State Sen. Sal DiDomenico and State Rep. Dan Ryan joined their colleagues in the Massachusetts Legislature to pass a bill to make more information about COVID-19 cases publicly available, including cases at elder care facilities, soldiers’ homes, and houses of correction; it also creates a task force to provide recommendations on how to mitigate health disparities for underrepresented and underserved communities in the wake of the pandemic.
Taken together, the provisions of An Act addressing COVID-19 data collection and disparities in treatment will provide the public with a greater understanding on how the virus is affecting those in locations hardest hit by the pandemic, including elder care facilities and urban areas. The task force, in turn, will make recommendations to alleviate disparities in infection and treatment among populations disproportionally impacted by the outbreak.
“This data collection is essential in telling the whole story of the COVID-19 epidemic moving forward. We are not out of the woods yet.” said Ryan. “We, as a country, were not ready for this. Locally, we adapted well but not well enough for too many of our families. City officials in Chelsea and Boston, along with area hospitals, were able to use the data available to make requests of government and move resources. By codifying this data collection into law and establishing a task force we will be better prepared for the climb out of this than we were going in.”
Said State Sen. Sal DiDomenico, “These reporting requirements are critical to ensuring we have a full and up-to-date understanding of the pandemic’s impact on our communities, and the inequities that exist across our Commonwealth. Our district has been especially hard hit by COVID-19, and any additional information that we have at our disposal will be key to tailoring our response to this pandemic. I am confident that data and knowledge we gain through this legislation will help to determine our long-term recovery efforts and inform the Legislature’s ongoing work to address systemic inequities in our healthcare and safety-net systems.”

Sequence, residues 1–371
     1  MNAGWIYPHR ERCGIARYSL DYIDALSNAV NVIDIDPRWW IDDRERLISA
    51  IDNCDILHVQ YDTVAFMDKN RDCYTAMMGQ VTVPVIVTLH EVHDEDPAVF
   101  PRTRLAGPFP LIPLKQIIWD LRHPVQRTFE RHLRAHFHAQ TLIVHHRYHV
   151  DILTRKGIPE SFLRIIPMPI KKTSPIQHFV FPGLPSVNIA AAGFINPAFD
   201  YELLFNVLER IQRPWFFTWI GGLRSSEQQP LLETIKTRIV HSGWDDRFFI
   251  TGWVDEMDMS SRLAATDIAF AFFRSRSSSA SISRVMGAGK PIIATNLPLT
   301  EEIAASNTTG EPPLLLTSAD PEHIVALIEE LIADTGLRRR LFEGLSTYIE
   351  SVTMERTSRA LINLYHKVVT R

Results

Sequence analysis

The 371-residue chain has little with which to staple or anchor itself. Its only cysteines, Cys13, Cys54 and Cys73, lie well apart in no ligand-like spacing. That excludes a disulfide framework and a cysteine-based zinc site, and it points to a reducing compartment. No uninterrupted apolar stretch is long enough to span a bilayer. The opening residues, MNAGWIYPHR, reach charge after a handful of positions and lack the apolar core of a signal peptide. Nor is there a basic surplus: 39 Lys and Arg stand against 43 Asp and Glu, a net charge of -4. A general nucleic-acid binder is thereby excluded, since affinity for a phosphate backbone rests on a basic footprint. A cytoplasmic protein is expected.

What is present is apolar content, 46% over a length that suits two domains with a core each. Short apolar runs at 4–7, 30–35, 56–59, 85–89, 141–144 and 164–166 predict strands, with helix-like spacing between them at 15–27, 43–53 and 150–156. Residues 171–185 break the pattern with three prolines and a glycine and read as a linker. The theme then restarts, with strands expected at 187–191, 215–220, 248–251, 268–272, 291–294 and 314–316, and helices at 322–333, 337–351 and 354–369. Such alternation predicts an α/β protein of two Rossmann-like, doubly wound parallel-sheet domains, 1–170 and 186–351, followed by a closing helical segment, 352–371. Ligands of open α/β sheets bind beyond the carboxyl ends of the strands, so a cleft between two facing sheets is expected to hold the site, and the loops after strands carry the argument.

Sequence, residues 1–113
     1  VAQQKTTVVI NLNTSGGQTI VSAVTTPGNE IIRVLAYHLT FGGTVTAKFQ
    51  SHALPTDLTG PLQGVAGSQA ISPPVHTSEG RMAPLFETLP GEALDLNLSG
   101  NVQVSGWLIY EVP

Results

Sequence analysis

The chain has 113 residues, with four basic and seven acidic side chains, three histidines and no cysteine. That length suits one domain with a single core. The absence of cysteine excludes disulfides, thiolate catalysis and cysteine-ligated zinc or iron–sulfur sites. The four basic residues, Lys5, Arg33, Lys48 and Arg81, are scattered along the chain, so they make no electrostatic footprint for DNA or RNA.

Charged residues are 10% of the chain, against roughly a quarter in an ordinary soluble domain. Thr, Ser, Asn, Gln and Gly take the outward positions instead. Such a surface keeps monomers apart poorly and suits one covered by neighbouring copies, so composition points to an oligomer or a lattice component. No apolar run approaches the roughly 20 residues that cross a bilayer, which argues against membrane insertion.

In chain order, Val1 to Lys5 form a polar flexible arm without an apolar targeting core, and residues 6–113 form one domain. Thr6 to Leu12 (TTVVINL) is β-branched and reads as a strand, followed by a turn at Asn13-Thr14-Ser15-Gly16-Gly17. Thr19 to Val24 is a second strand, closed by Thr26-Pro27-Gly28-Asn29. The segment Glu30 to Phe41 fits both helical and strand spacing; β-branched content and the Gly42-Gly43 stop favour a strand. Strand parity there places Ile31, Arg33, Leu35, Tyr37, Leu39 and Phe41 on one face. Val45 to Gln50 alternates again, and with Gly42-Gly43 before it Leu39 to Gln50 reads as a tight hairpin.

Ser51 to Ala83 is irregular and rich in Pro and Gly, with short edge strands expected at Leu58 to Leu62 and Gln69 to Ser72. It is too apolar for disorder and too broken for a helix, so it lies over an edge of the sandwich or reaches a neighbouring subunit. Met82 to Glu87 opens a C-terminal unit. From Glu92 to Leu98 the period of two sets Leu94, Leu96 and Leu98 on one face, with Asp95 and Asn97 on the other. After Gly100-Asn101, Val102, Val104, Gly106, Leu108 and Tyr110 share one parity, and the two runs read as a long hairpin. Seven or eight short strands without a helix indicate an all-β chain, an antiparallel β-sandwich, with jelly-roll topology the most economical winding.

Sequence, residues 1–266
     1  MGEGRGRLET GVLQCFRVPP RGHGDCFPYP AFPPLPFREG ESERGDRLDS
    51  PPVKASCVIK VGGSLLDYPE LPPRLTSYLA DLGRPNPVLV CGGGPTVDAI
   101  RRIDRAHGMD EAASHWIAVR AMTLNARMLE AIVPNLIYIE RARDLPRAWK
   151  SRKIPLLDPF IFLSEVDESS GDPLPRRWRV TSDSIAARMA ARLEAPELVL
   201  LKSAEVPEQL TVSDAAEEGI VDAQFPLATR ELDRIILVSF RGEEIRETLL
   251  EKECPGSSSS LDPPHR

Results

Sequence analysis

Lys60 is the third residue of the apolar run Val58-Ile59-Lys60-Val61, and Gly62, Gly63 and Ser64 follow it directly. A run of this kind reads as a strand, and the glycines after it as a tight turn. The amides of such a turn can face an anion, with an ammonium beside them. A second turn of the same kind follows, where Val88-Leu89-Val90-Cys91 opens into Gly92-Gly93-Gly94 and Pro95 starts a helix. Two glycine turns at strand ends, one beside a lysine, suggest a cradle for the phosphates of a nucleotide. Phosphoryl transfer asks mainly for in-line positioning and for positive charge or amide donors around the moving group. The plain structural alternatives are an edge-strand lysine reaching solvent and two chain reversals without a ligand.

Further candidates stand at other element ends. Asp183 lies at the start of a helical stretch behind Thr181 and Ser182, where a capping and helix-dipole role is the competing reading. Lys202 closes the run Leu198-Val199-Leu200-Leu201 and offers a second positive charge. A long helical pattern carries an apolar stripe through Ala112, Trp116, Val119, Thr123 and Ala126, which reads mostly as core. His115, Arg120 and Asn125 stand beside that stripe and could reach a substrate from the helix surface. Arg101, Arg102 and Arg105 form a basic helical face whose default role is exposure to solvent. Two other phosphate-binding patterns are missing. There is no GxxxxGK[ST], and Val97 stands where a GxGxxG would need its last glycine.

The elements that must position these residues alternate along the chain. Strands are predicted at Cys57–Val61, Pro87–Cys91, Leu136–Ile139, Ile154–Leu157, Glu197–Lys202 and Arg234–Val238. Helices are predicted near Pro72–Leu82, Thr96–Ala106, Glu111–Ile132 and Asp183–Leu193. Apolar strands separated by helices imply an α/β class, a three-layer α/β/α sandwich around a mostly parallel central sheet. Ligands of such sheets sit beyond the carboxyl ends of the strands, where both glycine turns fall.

Speaker Bob DeLeo said the Act was critical for monitoring COVID-19.
“Whether it’s our elderly, our veterans, residing in Soldiers’ Homes, who have served our country bravely, persons of color, or residents in those communities experiencing a particularly large share of the impact from COVID-19, the burden of this virus has fallen disproportionately on key demographics. We need to make sure we have the best information on the toll the virus is taking in Massachusetts. I look forward to the findings of the task force to determine how we can address the impact of this virus in underserved and underrepresented communities,” said DeLeo. “I thank Chairs Michlewitz and Balser, Vice Chair Gonzalez and my colleagues in the House for their work on this important bill.”
The components of the bill are as follows:
•Requires the Department of Public Health to collect daily data on the number of individuals tested positive, hospitalized, deaths, and key demographic information, including cases and mortalities at elder care facilities;
•Specifies details on the format of reporting data from local boards of health and elder care facilities;
•Mandates that elder care facilities notify residents and their healthcare proxies if there is a new confirmed case or mortality due to COVID-19 or 3 or more residents or staff have symptoms;
•Includes the Department of Corrections and each House of Correction among those facilities which must comply with the data collection and reporting provisions of the bill;
•Creates a task force to study and make recommendations on addressing health disparities for underserved or underrepresented populations based on a variety of demographic factors;
•Asks that the task force provide recommendations to improve safety for at-risk populations for COVID-19, remove barriers to quality and equitable health care services, increase access to medical supplies and testing, among other items.
The bill now moves to the governor for consideration.